The leaderships of Pakistan and China realize the need to provide a solid base to already strong Pakistan-China friendship that goes beyond bilateral trade and economic cooperation and promotes cultural relations and people-to-people contacts. Prime Minister Syed Yusuf Raza Gilani's recent visit to China and his address at Taihu World Cultural Forum are clear pointers in this direction.
Pakistan-China friendship derives its strength from shared common interests in promoting peace, development and stability in the region and adherence to the principles of sovereign equality, mutual respect, mutual benefit, cooperation and non-interference in each other's internal affairs. Despite having the world's largest population and its second largest economy, China has never treated Pakistan as its junior partner. During the last two decades, China's profile as a world power has risen phenomenally. Its relations with the United States, Japan, and European Union, and even with India, have broadened dramatically. But China has never allowed its relations with other countries to affect its friendship with Pakistan.
Pakistan was the first Muslim, and the third non-communist, country to accord diplomatic recognition to China in 1951. Since then, bilateral relations between Pakistan and China have continued to grow, encompassing defence, security, trade, economic cooperation, energy, infrastructure, water management, mining, agriculture, education, transport, communications, science and technology.
China replaced the United States as Pakistan's principal source for arms and weapons when Washington imposed military sanctions on Pakistan in 1965 and 1990. China has assisted Pakistan in developing its nuclear and conventional defence capabilities which have enhanced Pakistan's strength in South Asia's strategic balance. When the United States imposed sanctions against Pakistan in 1990 because of its nuclear weapons development program, China supplied Pakistan with military hardware including 34 short-range ballistic missiles. Recent sales of Chinese conventional weapons to Pakistan include JF-17 aircraft along with production facilities, F-22P frigates with helicopters, K-8 jet trainers, T-85 tanks, F-7 aircraft, small arms and ammunition.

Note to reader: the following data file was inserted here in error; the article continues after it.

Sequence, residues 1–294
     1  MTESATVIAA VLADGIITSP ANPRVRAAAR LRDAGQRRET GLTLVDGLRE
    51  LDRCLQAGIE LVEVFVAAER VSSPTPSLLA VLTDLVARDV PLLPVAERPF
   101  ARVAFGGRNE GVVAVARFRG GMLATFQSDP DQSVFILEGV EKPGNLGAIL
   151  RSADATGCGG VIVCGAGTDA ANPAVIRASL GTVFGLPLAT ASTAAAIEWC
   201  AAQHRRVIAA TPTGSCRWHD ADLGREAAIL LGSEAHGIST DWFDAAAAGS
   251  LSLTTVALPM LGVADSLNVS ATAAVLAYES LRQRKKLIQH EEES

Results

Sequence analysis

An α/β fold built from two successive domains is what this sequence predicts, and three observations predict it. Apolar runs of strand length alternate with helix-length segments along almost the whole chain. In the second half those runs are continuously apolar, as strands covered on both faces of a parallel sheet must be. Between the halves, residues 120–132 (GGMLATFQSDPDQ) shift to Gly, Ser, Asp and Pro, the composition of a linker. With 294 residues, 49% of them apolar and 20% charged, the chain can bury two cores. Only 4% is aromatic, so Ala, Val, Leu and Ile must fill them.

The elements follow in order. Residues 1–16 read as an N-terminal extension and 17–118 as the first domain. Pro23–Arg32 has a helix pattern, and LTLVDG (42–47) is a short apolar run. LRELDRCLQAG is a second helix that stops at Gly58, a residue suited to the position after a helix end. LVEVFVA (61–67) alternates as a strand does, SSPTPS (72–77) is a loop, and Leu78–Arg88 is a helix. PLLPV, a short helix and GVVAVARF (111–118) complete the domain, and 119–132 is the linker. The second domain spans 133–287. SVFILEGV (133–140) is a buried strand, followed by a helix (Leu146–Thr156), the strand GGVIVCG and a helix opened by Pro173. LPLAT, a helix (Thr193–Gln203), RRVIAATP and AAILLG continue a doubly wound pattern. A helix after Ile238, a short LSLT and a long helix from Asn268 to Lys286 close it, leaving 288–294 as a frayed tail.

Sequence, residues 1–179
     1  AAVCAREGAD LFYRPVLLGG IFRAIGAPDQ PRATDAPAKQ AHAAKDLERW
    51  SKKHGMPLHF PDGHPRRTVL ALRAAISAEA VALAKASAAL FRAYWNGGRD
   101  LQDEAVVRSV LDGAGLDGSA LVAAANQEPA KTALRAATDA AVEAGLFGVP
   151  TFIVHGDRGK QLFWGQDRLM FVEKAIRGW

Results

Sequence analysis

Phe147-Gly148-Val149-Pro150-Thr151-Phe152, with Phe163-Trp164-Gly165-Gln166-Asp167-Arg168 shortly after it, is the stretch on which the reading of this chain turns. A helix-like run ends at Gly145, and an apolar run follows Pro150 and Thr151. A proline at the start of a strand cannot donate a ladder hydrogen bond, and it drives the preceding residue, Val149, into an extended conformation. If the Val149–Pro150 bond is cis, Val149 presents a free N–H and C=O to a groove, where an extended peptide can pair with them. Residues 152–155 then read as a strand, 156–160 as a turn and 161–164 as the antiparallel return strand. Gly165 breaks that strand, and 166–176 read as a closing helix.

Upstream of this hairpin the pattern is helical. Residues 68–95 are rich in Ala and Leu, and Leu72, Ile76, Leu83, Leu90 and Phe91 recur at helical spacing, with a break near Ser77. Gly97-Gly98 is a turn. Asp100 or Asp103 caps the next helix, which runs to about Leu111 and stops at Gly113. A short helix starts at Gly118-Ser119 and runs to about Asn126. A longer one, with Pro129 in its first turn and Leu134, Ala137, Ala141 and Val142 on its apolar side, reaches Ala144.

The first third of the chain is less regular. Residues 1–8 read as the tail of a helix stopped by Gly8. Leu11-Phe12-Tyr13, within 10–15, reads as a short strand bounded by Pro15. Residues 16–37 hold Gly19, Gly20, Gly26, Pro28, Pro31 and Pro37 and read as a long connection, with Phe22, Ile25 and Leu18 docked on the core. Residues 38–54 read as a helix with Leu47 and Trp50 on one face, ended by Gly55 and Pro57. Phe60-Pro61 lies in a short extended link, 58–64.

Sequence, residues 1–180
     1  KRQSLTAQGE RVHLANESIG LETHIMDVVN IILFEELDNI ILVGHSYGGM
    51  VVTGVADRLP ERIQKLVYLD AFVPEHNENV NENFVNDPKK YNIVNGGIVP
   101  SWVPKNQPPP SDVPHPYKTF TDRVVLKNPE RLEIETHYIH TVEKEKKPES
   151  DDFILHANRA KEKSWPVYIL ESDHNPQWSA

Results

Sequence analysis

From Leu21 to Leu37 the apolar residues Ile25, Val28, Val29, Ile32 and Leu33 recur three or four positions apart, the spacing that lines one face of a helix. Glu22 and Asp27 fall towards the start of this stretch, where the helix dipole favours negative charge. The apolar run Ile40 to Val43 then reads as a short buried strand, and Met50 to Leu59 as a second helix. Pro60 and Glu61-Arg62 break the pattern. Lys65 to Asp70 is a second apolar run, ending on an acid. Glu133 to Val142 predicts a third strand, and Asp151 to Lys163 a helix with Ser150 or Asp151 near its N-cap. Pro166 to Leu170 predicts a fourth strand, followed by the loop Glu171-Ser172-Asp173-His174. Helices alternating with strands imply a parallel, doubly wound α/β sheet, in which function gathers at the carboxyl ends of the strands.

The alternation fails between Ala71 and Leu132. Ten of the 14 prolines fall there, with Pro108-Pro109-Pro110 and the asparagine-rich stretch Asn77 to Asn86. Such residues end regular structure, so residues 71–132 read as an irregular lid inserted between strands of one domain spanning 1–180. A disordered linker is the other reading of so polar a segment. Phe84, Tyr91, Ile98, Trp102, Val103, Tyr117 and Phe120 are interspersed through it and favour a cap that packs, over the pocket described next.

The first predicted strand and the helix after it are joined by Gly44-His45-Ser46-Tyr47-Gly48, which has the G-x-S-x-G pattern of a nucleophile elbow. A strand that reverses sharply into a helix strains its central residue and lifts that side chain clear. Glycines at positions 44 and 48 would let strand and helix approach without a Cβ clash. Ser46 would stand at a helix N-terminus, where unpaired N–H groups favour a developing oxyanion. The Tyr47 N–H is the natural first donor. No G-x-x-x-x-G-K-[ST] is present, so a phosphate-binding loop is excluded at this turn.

According to latest reports, Pakistan is seeking to buy 36 J-10 aircraft, which would make Pakistan the first recipient of one of the most advanced weapon systems in China's arsenal. The addition of 36 J-10 aircraft would enable Pakistan Air Force (PAF) to raise two fighter squadrons and further sharpen its combativeness. The sale of the J-10 aircraft signals the depth of Pakistan-China strategic partnership. This partnership reflects close cooperation between the two countries in high-tech production and joint defence projects. The mainstay of China-Pakistan joint defence production is the Pakistan Aeronautical Complex in Kamra, where servicing, assembly and manufacturing of fighter and trainer aircraft is carried out.
China has also built a turnkey ballistic missile manufacturing facility near Rawalpindi and helped Pakistan develop the 750 km range solid-fueled Shaheen-I ballistic missile. Pakistan and China have also signed an agreement under which China will construct four submarines for Pakistan Navy. A significant aspect of China's military aid is that it involves the transfer of technology to Pakistan.
With Chinese help, Pakistan has built two nuclear reactors at Chashma, and during President Zardari's first visit in 2008, China pledged to help Pakistan construct two new nuclear reactors at Chashma. The two nuclear power plants will generate 640 megawatts of power and will help overcome the critical energy crisis in Pakistan. The project is a part of Government of Pakistan's Vision 2030, which includes plans for generating 8000 megawatts of power from nuclear plants.